We've all heard of dates. Not the kind with someone to whom you're attracted. No, I mean the kind that represent
some relative position on the calendar. Now we've all seen what people do when faced with the extremely difficult task
of working with dates. Short of programming in brainfsck, intelligent programmers use the built-in variety, be it in C#, Java, etc.
Sometimes, you need to be able to identify different parts of a date. But, given (let's use Java as an example) a java.util.Date, how on Earth can any reasonable person possibly figure out the year without too much grief? I mean, it's mathematically hard to convert all those milliseconds to years. There must be a better way to identify years!
Mick's co-worker decided that a database was required. Not only did he incorporate a database to figure out the year component of dates, he thought that each year needed to be explicitly identified...
Kris must work with the folks who work with Mick, because he worked on fixing a foreign key constraint issue, and was instructed to just add rows to the table that was causing the problem...
Of course, others have difficulties understanding the proper use of database tables for things beyond dates. Justus found this wonderful representation of catalog data:
Jon sent in a sample of a catalog table designed by Nigel who left shortly thereafter. Apparently, Nigel felt that each item in the catalog deserved it's own column in the table. Jon's pretty sure this will need a rewrite:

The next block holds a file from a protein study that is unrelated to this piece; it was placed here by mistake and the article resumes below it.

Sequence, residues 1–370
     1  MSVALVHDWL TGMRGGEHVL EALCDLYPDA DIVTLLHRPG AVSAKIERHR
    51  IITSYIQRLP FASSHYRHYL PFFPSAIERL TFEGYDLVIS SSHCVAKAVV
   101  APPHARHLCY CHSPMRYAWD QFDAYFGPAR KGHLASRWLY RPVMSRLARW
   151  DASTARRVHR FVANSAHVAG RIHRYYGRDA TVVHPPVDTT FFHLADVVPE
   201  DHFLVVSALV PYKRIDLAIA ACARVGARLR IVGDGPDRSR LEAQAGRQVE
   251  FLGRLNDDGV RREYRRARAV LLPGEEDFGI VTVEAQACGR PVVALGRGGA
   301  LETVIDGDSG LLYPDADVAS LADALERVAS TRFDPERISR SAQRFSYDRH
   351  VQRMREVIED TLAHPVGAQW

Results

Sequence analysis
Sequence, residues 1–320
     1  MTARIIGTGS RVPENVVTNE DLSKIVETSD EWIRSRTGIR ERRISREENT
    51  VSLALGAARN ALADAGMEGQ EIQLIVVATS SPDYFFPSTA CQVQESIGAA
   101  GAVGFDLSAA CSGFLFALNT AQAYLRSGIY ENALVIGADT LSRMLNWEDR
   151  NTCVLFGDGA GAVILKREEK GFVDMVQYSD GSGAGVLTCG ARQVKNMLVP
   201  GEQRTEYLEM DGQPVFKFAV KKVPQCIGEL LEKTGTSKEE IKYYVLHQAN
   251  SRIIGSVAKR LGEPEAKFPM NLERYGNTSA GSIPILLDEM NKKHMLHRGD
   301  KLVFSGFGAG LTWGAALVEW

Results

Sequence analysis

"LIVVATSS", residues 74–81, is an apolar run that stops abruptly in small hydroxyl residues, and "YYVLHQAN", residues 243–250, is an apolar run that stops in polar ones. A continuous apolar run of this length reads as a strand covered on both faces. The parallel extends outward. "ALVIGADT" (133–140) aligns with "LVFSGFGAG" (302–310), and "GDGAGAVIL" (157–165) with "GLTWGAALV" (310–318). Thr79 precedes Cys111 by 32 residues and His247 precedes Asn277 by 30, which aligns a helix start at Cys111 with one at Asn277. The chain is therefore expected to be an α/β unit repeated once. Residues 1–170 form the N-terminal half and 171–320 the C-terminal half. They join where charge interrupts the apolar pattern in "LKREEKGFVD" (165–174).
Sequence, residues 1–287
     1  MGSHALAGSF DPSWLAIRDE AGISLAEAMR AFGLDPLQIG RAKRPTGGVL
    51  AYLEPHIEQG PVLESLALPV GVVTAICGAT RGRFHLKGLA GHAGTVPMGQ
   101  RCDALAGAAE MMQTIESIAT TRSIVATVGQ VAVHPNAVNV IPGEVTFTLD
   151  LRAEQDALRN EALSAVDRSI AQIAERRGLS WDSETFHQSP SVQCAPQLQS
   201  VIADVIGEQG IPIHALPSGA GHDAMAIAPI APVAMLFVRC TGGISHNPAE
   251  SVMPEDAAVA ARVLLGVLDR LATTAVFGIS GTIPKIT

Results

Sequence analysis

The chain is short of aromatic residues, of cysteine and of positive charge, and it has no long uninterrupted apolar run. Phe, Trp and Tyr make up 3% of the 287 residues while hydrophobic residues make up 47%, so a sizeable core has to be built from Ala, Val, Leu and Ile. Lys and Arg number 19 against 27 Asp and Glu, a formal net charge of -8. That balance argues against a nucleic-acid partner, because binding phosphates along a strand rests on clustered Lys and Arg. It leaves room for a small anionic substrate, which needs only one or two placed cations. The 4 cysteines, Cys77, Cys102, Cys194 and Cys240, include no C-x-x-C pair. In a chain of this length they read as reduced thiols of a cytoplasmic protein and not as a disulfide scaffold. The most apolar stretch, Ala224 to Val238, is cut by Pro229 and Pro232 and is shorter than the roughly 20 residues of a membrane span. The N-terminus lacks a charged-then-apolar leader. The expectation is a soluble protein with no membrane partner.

Still others feel that normalization is simply not an option. An anonymous submitter sent in something their offshore outsourcing company turned in; a table with 600 columns, including:
- 50 float columns
- 50 integer columns
- 50 date-time columns
- 100 bit columns
- 100 money columns
- 200 varchar(1024) columns
- 50 XML columns
Of course, dates/years and normalization are notoriously difficult concepts. Booleans on the other hand... Shane found a Yes table which has no counterpart No table... It has one row with one column containing a single "Y"...
One of the strengths of databases is their ability to record events that have happened. Sam was tasked with bringing over a mailing list to a new site. Part of the system mails out newsletters to all subscribers each month. By the time Sam inherited it, about 300 newsletters had already been sent. Apparently, the developer thought it would be a good idea to keep track of every recipient of every newsletter, and so added a slew of extra rows of tinyint's to keep track of who had / had not received the mail.
Of course, while there are many right ways to do that, this is probably not one of them.